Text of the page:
MARKET SNAPSHOT: Nasdaq Composite Turns Higher, But Broader Market Struggles For Flight After Upbeat Data

Political drama out of Washington may continue to dog investor sentiment

The Nasdaq Composite on Thursday attempted to rebound, but the broader equity market struggled to gain traction, a day after Wall Street staged its sharpest selloff in months, fueled by ongoing political turmoil in Washington.

Early economic data, however, on employment and manufacturing offered some reasons for optimism.

The Nasdaq Composite Index was up 20 points, or 0.3%, at 6,031, after briefly losing its grip on the psychologically significant level of 6,000 in opening trade. On Wednesday, the technology-heavy index saw its worst one-day decline since late June (

The Dow Jones Industrial Average was off 14 points, or less than 0.1%, at 20,591, while the S&P 500 index slipped traded flat at 2,358. Both equity gauges suffered their worst daily slump since early September in the previous session.

Equities were helped in part by the latest economic data. Initial jobless claims fell by 4,000 in the latest week, the second-lowest reading of the economic recovery (, which began eight years ago. Continuing claims were at their lowest level since 1988. Separately, the Philadelphia Fed manufacturing index jumped to a reading of 38.8 in May from 22 in April (

"Even though optimism for Trump's pro-growth agenda has mostly unwound, if this political crisis deepens and elevated volatility persists, equities could see further weakness in the short-term driven by deleveraging across fundamental and systematic strategies," J.P. Morgan wrote in a note to clients, adding that "fundamentals remain supportive."

Wednesday's action came after the New York Times reported that U.S. President Donald Trump had asked former Federal Bureau of Investigations Director James Comey to drop an investigation between his inner circle and the Russians ( Among other things, the controversy was seen as making the passage of Trump's economic agenda--something analysts say is necessary to justify market valuations--less likely.

Wall Street could continue to be driven by the news coming out of Washington. Earlier on Thursday, Reuters ( reported that former National Security Adviser Michael Flynn and others on Trump's campaign team exchanged at least 18 undisclosed phone calls or emails ( with Russian contacts during the 2016 presidential race.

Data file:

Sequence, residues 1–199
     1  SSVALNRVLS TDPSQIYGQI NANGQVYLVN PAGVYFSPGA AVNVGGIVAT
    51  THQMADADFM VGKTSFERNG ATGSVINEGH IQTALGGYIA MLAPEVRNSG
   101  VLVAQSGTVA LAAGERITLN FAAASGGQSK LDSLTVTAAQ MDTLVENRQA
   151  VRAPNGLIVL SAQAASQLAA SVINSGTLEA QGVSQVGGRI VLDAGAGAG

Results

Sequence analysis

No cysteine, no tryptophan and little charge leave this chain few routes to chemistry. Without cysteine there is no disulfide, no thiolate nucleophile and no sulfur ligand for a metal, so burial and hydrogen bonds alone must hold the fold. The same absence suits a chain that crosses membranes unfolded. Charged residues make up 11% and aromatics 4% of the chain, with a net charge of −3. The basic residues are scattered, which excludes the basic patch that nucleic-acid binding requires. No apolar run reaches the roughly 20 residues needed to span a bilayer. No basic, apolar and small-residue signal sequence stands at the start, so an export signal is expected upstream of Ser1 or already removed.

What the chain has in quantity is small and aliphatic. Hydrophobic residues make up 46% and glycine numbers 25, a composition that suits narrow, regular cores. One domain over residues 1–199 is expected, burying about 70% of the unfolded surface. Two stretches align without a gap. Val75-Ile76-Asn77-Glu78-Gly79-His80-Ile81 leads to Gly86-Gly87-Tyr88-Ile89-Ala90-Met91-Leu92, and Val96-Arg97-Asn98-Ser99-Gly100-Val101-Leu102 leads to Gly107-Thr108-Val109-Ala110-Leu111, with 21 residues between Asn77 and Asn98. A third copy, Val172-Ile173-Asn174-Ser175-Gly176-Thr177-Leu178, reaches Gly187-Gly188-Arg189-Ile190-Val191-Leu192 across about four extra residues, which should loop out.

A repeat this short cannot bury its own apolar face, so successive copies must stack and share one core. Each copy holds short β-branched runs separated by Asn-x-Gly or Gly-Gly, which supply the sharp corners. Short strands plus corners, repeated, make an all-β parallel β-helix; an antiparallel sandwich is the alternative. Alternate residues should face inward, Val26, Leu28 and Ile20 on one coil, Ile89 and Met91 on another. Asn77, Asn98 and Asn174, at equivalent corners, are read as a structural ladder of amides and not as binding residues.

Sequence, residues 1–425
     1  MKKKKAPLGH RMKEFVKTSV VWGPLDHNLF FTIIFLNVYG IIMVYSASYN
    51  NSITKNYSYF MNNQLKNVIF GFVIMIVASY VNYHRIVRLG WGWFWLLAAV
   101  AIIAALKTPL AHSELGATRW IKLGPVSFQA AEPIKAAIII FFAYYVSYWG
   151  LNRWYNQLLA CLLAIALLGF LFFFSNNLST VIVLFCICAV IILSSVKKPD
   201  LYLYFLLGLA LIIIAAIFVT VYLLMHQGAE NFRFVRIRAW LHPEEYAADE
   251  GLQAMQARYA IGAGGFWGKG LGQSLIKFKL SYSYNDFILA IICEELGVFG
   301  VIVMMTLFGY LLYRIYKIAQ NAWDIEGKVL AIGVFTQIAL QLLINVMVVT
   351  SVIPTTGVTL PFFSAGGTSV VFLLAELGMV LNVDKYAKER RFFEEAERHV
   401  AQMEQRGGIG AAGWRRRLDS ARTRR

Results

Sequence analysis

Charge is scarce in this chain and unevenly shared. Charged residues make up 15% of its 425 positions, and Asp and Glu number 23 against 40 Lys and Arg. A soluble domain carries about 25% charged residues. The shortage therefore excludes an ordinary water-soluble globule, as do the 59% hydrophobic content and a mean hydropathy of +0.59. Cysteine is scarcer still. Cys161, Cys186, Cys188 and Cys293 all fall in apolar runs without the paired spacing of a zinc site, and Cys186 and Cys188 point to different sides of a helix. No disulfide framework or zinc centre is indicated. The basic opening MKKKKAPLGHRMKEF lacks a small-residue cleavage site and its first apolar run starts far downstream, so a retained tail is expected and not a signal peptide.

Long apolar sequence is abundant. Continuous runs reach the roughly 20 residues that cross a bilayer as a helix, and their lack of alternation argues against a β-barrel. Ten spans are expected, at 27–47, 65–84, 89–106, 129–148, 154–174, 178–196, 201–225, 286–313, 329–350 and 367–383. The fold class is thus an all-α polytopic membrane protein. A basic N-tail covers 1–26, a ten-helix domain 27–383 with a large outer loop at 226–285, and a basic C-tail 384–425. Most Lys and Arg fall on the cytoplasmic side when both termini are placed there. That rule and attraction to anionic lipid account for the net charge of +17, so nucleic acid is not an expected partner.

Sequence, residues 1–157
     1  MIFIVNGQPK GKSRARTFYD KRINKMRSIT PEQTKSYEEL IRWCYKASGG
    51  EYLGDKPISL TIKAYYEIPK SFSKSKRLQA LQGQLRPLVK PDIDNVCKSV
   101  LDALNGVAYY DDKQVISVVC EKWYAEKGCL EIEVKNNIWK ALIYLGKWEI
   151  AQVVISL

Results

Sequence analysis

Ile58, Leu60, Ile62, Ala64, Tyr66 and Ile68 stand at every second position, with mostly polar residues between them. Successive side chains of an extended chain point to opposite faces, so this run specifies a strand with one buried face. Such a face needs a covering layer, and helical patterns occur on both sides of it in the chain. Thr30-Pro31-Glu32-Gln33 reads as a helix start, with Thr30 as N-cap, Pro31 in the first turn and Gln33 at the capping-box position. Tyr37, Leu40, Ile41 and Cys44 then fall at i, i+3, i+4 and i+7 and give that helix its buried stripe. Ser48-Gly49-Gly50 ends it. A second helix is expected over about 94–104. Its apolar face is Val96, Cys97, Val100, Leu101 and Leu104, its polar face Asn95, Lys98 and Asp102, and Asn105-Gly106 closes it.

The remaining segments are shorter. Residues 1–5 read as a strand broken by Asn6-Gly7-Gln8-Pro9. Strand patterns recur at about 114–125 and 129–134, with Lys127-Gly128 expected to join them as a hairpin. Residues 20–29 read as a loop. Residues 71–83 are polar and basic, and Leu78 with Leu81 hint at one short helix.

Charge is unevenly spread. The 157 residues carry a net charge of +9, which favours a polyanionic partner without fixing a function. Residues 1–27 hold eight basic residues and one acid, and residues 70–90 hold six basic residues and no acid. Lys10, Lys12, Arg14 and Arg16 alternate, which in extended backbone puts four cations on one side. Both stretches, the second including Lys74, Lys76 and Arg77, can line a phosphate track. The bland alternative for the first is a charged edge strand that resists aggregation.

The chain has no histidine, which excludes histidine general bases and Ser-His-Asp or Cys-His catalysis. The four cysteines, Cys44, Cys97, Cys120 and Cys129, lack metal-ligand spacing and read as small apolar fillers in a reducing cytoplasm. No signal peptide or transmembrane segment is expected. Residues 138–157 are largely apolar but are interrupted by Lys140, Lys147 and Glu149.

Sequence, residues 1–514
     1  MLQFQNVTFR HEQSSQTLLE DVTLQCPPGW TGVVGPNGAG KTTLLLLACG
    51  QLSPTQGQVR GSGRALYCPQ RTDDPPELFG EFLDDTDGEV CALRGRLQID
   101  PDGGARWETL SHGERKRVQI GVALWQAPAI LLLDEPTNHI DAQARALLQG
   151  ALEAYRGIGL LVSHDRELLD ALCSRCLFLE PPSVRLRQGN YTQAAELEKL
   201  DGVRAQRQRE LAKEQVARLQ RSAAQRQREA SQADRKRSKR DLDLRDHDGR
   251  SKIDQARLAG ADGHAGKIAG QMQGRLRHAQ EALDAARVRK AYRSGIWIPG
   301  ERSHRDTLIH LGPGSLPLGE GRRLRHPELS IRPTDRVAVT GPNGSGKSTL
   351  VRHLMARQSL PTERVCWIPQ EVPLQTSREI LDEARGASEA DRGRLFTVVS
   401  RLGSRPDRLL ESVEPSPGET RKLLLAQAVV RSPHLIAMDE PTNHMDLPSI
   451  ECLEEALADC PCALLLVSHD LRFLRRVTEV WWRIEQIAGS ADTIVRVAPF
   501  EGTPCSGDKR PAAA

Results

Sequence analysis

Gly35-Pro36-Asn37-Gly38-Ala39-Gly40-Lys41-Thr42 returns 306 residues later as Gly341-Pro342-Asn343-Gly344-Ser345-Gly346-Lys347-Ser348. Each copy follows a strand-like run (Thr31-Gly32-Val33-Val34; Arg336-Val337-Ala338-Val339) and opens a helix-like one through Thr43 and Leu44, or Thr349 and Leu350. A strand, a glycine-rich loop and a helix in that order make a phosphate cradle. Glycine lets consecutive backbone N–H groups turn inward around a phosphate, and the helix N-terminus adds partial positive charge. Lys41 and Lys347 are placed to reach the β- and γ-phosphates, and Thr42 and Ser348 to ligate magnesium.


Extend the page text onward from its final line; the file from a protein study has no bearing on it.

"The scandal is so dominant at the moment that I guess it doesn't take a lot to spook investors," said Connor Campbell, financial analyst at Spreadex, in emailed comments.

Need to know: The wheels are coming off for U.S. stocks, this classic gauge shows (

The reports have sparked talk of potential impeachment for Trump, though many believe the situation is far from reaching that point ( ( In one recent development, former FBI head Robert Muller has now been named as special counsel ( to investigate potential collusion between the Trump campaign and Russia.

Read:Stocks have an 86% chance of falling if weekly volatility rises (

Earnings in focus: Shares of Cisco Systems Inc.(CSCO) fell 7.4%, hitting its lowest level since January the networking giant reported its revenue decline was increasing ( Cisco also said it would lay off another 1,100 workers (

Read:Cisco shows effects of Trump uncertainty (

Alibaba Group Holding Ltd.(BABA) fell 3.6% after earnings fell short of expectations.

On the upside, Wal-Mart Stores Inc.(WMT) climbed 1.7% as earnings beat Wall Street forecasts, but revenue fell slightly short ( The retail giant was the biggest percentage gainer among Dow components

Read:Wal-Mart option traders are 'overly complacent' about earnings (

( shares of Brazil stocks and exchange-traded funds were under pressure after the country's opposition lawmakers called for President Michel Temer to resign ( after a bribery allegation. U.S.-listed shares of Brazilian multinational Vale SA(VALE5.BR) tumbled 10%, while the iShares MSCI Brazil Capped ETF(EWZ) slid 16%.

Cleveland Fed President Loretta Mester will speak on the economic outlook in Minneapolis, Minn. at 1:15 p.m. Eastern.

Read:Bernanke says he's always 'puzzled' by way markets ignore political risk until 'last moment' (

Overseas markets: Global stocks fell Thursday in the wake of the U.S. selloff. The Nikkei 225 index ( slid 1.3% alongside a sharp rise in the Japanese yen, which has surged as investors seek out perceived haven assets.

The dollar struggled, with the British pound popping above $1.30 for the first time since September after strong retail sales.

European stocks continued to come under pressure. The Stoxx Europe 600 index extended losses, dropping 0.9%, after logging a 1.2% decline Wednesday for its biggest one-day percentage loss since Sept. 26.

Read:Global investors must remember 'all news is local,' says Mark Mobius (

Gold prices rose $3.30 to $1,262 an ounce, while oil prices extended losses (, with West Texas Intermediate crude dropping 73 cents, or 1.5, to $48.34 a barrel.

(END) Dow Jones Newswires

May 18, 2017 10:03 ET (14:03 GMT)